• Phrase: the query is cleaned up as above, but will search for the whole phrase. Thus a search for lorem ipsum will only search for lorem ipsum.
  • Term & Phrase: A combination of these two modes. Thus a search for lorem ipsum will run three successive searches for lorem, ipsum and finally lorem ipsum.

Setting up a Search - fields query

Pattern queries

Search (pattern) queries make use of a specific querying language to designate the fields to be full-text searched.

Here are the elements of syntax used to compute relevance:

  • Boolean operators, namely AND OR NOT + - . For instance the query +Madden -2012 looks for documents that must contain the word Madden but not the word 2012.
  • Proximity search. Using quote marks in the query allows for searching for a phrase rather than for separate words. An allowance for distance between these words can be specified.
  • Search in specific fields. The search will only cover certain fields, such as the title of the documents.
  • Weighted search. A relative weight can be assigned to each component of the search, to give more importance to a word or a field. This is commonly used to assign a higher weight to the title of a document.
  • Search range. A search can be constrained between two specific dates, or more generally between two specified values.

Here is an example of a query template:

title:($$)^10 OR title:("$$")^10 OR
url:($$)^5 OR url:("$$")^5  OR
content:($$) OR content:("$$")

In queries based on this template:

  • The $$ strings are replaced by the keywords the user is searching for.
  • If these words are found in the title field or the URL field, they receive a tenfold or fivefold weight for relevance computations.
  • The keywords are searched for as independent entities, but also as a phrase (proximity search using quote marks)

Facets and filters

These two functions are often used in unison, and will thus be introduced together.

Facets

These count the number of results per entity. An "entity" can be a category, a domain name, a specified number of links, dates, etc. Any value indexed within a field can become a facet.

Typical uses are providing the number of results per website on the search results page -- or the number of results per concept, for a number of specified time spans, etc.

Facets can work singularly, or be grouped - see below.

Facets
Defining facets

Filters

This function usually goes hand-in-hand with facets. A search can be filtered using a subquery written in the same querying language used in the pattern queries section above.

For instance, a search could be constrained to a domain name, a given timespan, etc.

Setting up a relative date filter

Grouping

Documents can be grouped to make the results list more intelligible and less repetitive. For instance, one might limit to three the maximum number of consecutive results from a given website.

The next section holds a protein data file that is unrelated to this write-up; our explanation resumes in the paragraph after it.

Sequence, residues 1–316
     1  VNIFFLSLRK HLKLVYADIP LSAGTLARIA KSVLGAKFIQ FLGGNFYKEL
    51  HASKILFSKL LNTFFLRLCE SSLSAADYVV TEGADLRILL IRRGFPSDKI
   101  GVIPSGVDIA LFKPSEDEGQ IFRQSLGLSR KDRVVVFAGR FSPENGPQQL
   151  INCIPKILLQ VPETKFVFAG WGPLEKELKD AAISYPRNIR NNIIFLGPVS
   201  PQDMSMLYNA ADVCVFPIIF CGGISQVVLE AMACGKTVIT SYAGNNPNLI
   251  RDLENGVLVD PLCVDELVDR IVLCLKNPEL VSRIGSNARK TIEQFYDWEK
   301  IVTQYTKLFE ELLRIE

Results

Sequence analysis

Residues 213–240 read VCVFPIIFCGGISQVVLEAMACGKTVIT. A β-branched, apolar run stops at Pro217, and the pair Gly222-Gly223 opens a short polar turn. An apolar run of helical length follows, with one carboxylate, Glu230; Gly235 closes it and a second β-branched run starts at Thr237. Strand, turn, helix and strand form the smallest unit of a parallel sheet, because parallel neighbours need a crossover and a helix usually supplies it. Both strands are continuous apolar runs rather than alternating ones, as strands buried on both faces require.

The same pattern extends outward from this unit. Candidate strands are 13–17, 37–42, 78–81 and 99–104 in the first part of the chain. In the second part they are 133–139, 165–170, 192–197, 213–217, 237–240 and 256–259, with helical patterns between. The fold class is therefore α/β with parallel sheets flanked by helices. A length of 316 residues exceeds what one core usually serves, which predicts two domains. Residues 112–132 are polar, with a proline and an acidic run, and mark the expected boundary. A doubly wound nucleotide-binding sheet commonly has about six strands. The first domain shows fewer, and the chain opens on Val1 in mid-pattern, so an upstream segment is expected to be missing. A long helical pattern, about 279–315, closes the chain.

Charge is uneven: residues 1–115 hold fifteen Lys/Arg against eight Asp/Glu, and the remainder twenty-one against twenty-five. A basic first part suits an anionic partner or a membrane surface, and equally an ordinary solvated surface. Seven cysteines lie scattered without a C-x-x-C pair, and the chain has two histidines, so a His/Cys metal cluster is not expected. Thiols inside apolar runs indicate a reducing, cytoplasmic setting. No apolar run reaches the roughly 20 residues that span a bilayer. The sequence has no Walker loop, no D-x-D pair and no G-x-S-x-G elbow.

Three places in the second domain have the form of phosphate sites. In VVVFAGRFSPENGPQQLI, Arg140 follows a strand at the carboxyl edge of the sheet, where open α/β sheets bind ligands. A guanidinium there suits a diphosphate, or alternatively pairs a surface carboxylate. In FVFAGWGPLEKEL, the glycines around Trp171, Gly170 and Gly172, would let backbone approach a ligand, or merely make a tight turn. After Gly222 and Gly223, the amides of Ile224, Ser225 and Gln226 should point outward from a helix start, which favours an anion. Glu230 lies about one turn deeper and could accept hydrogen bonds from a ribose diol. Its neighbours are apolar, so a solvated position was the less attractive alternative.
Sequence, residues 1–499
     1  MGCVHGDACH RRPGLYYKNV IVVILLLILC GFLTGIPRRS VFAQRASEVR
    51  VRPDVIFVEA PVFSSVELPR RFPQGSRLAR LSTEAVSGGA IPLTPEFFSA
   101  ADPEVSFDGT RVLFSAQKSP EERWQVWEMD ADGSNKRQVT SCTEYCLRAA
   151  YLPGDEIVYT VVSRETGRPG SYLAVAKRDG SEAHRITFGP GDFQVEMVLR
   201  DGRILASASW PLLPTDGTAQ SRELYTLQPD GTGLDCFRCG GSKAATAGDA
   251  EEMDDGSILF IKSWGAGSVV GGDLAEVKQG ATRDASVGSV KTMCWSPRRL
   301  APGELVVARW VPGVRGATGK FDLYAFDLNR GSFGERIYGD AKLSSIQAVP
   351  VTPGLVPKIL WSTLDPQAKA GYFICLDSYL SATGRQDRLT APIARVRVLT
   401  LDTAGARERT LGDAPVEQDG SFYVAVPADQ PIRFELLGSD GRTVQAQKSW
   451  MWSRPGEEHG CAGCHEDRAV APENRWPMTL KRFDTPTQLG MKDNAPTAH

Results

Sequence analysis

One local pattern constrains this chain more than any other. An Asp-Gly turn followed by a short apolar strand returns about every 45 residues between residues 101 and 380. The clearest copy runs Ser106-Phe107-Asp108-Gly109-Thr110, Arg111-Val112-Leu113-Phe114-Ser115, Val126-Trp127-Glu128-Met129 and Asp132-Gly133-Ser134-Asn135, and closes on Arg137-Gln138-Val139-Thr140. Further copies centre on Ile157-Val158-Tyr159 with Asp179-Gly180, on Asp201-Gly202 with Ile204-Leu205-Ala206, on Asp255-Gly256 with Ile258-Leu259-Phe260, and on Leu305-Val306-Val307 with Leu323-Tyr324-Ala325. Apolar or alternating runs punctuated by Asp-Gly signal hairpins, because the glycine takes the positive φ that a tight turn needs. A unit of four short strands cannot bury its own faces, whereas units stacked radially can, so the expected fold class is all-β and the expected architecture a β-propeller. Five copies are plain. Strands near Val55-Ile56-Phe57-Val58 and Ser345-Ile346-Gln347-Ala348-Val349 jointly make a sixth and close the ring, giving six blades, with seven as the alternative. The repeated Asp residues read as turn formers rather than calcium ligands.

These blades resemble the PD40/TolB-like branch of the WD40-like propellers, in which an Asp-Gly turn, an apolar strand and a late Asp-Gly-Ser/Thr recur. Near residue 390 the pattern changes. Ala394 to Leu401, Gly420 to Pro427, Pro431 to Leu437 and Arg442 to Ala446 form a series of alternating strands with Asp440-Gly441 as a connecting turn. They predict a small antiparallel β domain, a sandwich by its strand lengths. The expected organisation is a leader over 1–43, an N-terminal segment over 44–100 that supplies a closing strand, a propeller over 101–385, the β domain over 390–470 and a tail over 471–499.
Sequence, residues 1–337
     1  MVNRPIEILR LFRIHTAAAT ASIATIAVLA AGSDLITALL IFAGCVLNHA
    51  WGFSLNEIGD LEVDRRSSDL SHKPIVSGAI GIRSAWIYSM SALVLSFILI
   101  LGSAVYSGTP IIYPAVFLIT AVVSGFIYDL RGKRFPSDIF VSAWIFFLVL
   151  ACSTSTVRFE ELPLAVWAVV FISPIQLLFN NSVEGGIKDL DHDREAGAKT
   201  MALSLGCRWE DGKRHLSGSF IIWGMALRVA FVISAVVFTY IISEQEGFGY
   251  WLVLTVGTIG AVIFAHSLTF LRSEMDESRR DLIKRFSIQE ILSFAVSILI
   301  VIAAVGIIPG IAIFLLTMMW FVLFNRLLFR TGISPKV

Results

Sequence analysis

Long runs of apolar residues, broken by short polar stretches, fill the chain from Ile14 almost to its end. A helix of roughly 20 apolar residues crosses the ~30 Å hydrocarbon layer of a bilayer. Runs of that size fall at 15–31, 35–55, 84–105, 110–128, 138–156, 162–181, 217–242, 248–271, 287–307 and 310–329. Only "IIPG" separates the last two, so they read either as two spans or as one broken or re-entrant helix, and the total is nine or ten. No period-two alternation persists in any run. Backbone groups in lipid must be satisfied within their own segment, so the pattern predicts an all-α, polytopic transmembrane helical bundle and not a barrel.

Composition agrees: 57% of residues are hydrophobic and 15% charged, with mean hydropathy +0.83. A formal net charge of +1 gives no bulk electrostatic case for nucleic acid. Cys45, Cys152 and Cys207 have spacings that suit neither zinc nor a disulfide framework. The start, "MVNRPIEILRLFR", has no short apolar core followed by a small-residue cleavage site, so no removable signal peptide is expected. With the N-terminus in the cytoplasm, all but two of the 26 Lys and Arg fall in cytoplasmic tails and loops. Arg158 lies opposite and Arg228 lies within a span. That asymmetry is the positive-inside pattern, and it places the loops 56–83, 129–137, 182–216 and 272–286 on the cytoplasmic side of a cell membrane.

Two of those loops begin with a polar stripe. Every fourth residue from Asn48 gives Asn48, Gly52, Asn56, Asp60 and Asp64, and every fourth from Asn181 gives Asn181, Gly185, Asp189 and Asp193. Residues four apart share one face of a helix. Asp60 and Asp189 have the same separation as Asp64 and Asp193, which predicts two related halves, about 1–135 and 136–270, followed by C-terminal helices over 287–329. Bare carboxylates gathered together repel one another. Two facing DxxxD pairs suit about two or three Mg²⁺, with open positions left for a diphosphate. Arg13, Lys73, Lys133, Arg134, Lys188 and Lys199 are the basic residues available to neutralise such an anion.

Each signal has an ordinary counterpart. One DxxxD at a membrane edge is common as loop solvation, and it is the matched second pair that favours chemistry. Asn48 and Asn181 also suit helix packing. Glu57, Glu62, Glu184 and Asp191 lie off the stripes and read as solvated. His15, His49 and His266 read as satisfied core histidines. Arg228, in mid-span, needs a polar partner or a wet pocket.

The different kinds of grouping are:

  • Optimised successive grouping: limits the number of consecutive results within search results, as optimised for large volumes of results
  • Complete successive grouping: limits the number of consecutive results throughout the entire set of search results (and not just within a given page of results)
  • Simple grouping: limits the number of results, whether successive or not, throughout the entire set of search results.

Text snippets

When rendering search results, OpenSearchServer can return the indexed field as is, or create a smart text snippet.

Text snippets follow guidelines such as:

  • Maximum number of characters. The snippet will not be longer than this.
  • Searched-for keywords highlighted. The tag used to highlight words in results listings is parametrable.
  • Snippet relevance. OpenSearchServer returns the phrase most relevant to the searched-for keywords, while staying close to the target length.
  • Phrase detection. OpenSearchServer attempts to return the beginning of a relevant sentence as a snippet.

Defining snippets while building a query
Sample search results within the interface, using snippets

Sorting

The default sorting of results for a search engine is done using the relevance score from the search algorithm (Vector Space Model). As previously discussed, this score can be refined using the querying language.

Sorting can also be based on a given field, just like with a database. A typical example is to sort results in reverse chronological order.

Scores and fields can also be mixed. For instance, results with an identical score could be sorted in chronological order.

Geolocation

Geolocation filters can easily be integrated into a query, provided that the schema of the index includes location fields (latitude and longitude).

With such a filter, only the documents within a given geographical rectangle will be returned. Distance between the documents and the central point will also be computed and returned.

Coordinates can be expressed in degrees or in radians, and the distances in kilometers or miles.

Boosting subqueries

Boosting subqueries tweak the relevance score of documents using arbitrary parameters.